Train All Employees Regularly

Given how much human error plays into breaches, employee training is one of the most important steps in trucker cybersecurity. All truckers and other workers in the organization should receive regular training going over the best security practices and threats to watch out for.

Emails are one of the most prevalent methods for online scams in this industry, so email security deserves special attention. Managers or IT staff should go over how to spot phishing emails and similar scams, as well as the consequences of falling for these schemes. Holding regular refresher courses and testing workers’ knowledge will help cement these ideas and good habits.

Limit Access Privileges

Even with regular cybersecurity training, good employees can still make mistakes. Consequently, trucking companies should limit their users’ access privileges as much as possible. If no one person can access everything, one breached account will have less impact.

Each user, device, and application should only be able to access what they need for their job. This concept, called the principle of least privilege, will minimize the damage if the business suffers a successful attack. Considering how common cybercrime is becoming, that’s an essential measure.

Practice Strong Password Management

Limiting access privileges is just half of a two-part process. If users aren’t who they say they are, restricting access to different accounts won’t do much. Consequently, truckers must also practice strong password management to prevent criminals from breaking into their accounts.

Truckers should use long, unique passwords with multiple character types to make them stronger against brute-force attacks. It’s also important to change passwords regularly, just in case one leaks in a data breach. Truckers should also turn on multi-factor authentication (MFA) wherever available, as it stops 99.9% of attacks, according to some experts.

Keep Everything Up-to-Date

Another important security step for truckers is to update all devices regularly. Devices like telematics systems and internet of things (IoT) trackers are becoming increasingly popular, but these can quickly give hackers a way in if fleets aren’t careful.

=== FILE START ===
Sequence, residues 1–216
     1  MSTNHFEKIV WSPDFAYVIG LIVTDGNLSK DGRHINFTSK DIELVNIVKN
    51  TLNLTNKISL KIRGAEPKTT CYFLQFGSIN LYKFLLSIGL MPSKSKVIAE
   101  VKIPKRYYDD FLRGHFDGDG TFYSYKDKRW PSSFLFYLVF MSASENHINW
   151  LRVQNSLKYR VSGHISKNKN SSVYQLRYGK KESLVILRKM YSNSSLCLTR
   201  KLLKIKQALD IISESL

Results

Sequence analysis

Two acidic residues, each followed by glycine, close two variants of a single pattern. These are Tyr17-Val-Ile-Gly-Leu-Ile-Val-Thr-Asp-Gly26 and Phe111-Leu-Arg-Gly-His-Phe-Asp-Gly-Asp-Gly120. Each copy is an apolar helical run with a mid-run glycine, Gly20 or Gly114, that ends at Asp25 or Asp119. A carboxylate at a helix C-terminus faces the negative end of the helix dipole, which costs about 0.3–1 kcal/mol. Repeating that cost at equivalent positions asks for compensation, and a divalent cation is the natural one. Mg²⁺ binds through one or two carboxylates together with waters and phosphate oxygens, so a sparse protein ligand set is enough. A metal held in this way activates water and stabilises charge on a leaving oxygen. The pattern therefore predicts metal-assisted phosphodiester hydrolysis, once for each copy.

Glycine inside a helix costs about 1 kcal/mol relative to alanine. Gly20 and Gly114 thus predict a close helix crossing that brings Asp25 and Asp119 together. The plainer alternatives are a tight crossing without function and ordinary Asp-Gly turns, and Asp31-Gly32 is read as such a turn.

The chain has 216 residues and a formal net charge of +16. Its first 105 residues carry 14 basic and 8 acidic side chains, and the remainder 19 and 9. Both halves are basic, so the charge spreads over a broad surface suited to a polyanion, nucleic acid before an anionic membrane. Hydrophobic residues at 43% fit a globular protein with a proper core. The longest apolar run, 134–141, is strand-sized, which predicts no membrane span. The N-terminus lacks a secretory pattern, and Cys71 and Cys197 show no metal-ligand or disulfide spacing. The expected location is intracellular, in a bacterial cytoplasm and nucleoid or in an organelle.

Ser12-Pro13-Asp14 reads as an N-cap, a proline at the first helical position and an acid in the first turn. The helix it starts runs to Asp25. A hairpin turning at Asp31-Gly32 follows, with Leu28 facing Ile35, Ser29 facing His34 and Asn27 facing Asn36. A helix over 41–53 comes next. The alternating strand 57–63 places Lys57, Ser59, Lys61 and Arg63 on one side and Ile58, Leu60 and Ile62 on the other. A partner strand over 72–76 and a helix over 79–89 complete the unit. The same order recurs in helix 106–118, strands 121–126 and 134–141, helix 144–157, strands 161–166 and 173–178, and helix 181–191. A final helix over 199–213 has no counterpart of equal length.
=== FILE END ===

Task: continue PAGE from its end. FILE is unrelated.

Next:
Cybercrime is always evolving, so software developers need to create new defenses and fix vulnerabilities continually to stay safe. Keeping everything updated ensures devices have the latest of these security protections. Truck fleets should also install anti-malware software and keep it up-to-date.

Have a Recovery Plan

Finally, it’s important to realize that no cybersecurity system is 100% effective. These attacks are too common and too potentially damaging for truckers to assume they’ll never suffer a successful attack. Companies need a formal recovery plan in case something goes wrong.

This recovery plan should include creating backups of crucial data and systems and a communication game plan. Truckers should also rehearse this plan regularly so everyone knows what to do in the event of a breach.

Cybersecurity Is Crucial for Trucking Companies Today

Cybercrime can affect anyone in any kind of company. While it may not seem like it at first, cybersecurity is crucial for truckers and the businesses they work for. Learning why to take security seriously is the first step toward better protection. If more truckers can realize these threats, the industry can become a safer place.

Emily Newton is an industrial journalist. As Editor-in-Chief of Revolutionized, she regularly covers how technology is changing the industry.